Trying to be Charitable, Dept.

I came across this article from over a year ago which appeared in the N.Y. Times about how we are not teaching students to solve math problems the right way.
In it, the author features a quote from an email she received from Tracy Zager, an author of math ed books:

“I really feel I have no way to have an impact on this teacher’s blind spot since it is shared by all math teachers and so many other teachers: If you don’t understand, it’s your fault. It was never a sensible idea to try to have students memorize first and understand later; this approach to mathematics instruction is structurally flawed. I really feel for these parents and this kid, but the frustration they face is inevitable. If we teach kids math without understanding, we build on a house of cards.”

I try to be charitable on Christmas and ask myself what would Jesus do if he read something like this. I have to say, my first reaction is He would say “I don’t have time for this.”
I looked at the comments from a year ago and was pleased to see that I addressed it already. So I’ll repeat what I wrote in comment here so you can all rest easy and have a nice Christmas:

The email quoted at the beginning of the article states: ‘I really feel I have no way to have an impact on this teacher’s blind spot since it is shared by all math teachers and so many other teachers: If you don’t understand, it’s your fault.’

I do not agree with the generalization that ALL math teachers blame poor learning outcomes on students. I certainly do not, nor do many math teachers I know.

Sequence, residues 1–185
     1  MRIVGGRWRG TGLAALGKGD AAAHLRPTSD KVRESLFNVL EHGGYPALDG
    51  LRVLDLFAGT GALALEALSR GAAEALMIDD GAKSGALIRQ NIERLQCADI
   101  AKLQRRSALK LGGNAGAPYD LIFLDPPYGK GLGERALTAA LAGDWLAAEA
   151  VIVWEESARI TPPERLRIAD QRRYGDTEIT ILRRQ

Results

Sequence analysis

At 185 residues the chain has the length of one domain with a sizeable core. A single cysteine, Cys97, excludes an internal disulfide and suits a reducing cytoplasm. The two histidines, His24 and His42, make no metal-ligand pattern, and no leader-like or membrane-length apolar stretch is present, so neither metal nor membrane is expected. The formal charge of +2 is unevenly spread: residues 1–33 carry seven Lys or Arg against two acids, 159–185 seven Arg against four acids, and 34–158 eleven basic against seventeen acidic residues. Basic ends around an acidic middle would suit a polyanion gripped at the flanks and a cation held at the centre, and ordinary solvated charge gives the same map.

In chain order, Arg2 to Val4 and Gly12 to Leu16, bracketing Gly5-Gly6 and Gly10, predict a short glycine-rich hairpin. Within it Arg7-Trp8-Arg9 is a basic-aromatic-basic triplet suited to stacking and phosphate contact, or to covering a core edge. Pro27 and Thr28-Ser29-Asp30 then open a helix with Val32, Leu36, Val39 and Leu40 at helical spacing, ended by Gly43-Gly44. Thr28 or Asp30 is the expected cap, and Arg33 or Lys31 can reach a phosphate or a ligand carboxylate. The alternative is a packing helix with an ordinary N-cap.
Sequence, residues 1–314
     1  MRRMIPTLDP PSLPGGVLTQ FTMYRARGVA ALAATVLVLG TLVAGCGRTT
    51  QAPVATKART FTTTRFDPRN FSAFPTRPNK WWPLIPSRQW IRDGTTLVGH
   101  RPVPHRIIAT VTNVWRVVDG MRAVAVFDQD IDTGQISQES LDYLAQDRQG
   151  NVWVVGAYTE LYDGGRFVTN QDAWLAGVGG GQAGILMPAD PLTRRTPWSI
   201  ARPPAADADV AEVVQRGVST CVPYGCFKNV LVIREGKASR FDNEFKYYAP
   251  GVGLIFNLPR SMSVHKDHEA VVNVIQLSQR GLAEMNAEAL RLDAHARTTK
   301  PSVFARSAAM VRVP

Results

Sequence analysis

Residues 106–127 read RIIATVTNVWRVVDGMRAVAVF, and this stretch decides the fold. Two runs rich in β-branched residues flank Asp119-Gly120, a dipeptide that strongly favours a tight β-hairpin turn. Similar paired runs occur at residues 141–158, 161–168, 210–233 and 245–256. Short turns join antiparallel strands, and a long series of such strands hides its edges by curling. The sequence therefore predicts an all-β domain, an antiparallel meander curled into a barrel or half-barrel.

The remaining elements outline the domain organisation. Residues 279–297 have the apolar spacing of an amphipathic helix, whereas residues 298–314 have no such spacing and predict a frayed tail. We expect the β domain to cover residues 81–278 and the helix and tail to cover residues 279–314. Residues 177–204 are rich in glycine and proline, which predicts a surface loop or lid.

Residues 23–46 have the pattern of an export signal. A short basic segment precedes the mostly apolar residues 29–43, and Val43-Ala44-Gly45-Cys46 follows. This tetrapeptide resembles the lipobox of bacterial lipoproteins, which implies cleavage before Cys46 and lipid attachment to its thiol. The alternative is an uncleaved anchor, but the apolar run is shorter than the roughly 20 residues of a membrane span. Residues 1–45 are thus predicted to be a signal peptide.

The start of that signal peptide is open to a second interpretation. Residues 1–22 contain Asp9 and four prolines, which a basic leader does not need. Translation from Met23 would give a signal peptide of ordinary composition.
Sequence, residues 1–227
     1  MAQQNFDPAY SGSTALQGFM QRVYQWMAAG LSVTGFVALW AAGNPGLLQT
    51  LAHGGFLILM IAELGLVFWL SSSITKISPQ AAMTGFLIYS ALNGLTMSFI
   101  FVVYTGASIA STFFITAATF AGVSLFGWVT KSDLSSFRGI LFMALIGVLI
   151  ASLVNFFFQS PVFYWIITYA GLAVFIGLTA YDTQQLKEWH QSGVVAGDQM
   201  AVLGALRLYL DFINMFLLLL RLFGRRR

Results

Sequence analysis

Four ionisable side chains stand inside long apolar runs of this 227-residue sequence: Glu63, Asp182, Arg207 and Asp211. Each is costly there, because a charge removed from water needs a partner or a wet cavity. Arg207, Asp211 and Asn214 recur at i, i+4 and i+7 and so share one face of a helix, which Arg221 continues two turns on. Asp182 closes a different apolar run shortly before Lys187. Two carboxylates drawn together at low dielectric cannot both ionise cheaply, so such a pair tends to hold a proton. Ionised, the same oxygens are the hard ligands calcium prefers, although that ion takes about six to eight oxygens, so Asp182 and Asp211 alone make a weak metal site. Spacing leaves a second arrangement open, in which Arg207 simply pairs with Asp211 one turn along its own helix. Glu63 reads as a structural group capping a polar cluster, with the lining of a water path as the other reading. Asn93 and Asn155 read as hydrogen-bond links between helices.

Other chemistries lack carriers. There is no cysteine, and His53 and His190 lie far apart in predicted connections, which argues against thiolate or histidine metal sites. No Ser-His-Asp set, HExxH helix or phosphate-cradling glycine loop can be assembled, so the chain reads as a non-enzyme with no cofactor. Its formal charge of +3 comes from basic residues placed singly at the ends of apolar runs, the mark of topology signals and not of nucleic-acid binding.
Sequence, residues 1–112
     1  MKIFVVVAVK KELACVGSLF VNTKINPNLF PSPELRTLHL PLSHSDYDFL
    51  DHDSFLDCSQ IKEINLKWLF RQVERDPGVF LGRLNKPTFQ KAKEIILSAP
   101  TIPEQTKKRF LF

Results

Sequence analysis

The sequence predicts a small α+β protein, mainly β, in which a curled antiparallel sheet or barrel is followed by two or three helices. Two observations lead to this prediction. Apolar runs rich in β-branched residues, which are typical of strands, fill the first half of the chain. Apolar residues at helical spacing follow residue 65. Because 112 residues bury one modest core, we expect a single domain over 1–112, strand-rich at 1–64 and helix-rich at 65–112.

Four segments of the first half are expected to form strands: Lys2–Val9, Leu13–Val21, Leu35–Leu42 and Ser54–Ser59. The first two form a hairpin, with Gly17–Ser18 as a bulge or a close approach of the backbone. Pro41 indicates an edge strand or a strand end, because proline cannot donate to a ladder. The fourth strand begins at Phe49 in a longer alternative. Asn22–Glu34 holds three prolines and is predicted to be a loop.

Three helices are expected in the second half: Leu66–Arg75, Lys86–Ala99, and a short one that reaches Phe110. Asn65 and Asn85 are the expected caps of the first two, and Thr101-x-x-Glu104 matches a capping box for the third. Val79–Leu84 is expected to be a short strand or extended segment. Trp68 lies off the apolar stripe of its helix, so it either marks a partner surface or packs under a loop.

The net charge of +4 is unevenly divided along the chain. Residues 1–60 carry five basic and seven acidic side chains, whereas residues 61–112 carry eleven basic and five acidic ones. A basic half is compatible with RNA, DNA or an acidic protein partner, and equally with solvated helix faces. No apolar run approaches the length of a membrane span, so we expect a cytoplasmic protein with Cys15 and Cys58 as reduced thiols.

I also find that Tracy Zager [the person who wrote the email quoted in the article] gives a typical mischaracterization as to how math is taught; i.e., that students memorize first and understand later. A glance at math texts from previous eras shows that there were explicit explanations of what is happening with specific procedures and algorithms. Also sometimes understanding comes before the procedure, sometimes after. And for some students, depending on the procedure, it might occur many years later.

Traditional math taught poorly continues to be the definition for traditionally taught math–the mischaracterization of traditionally taught math prevails. For the record, I teach the conceptual context of particular procedures, as well as what’s going on in various types of word problems and how to analyze them mathematically. But  despite “teaching the concepts” students still gravitate to the procedural because they want–and need–to know “how to do the problems”.  Who can blame them? After time, some understanding of why certain procedures does occur. And for some students, it may or may not. Case in point: I will demonstrate what a negative exponent means; i.e., x²/x³ can be represented by x*x/x*x*x, which simplifies to 1/x. We can also apply the rule of quotients of powers and subtract exponents: we then get x-¹. But after a day or so, students have forgotten this and have to be reminded of the procedure. After about a week or so, it begins to sink in. But the “understanding” part while helping some students certainly doesn’t help all.

In the words of the teachers at the no excuses school Michaela in London which takes a traditional approach to teaching: “Just tell them”. And sometimes that means telling them a few times. It doesn’t mean skimp on the understanding. It means do both. I have practiced this philosophy for years as well as other teachers I know. If the only way students can do a problem is to practice the procedure, then go with it. Stop whining that “They don’t truly understand”.
I majored in math, but didn’t understand why the invert and multiply rule for fractional division worked until 10 years ago. So shoot me.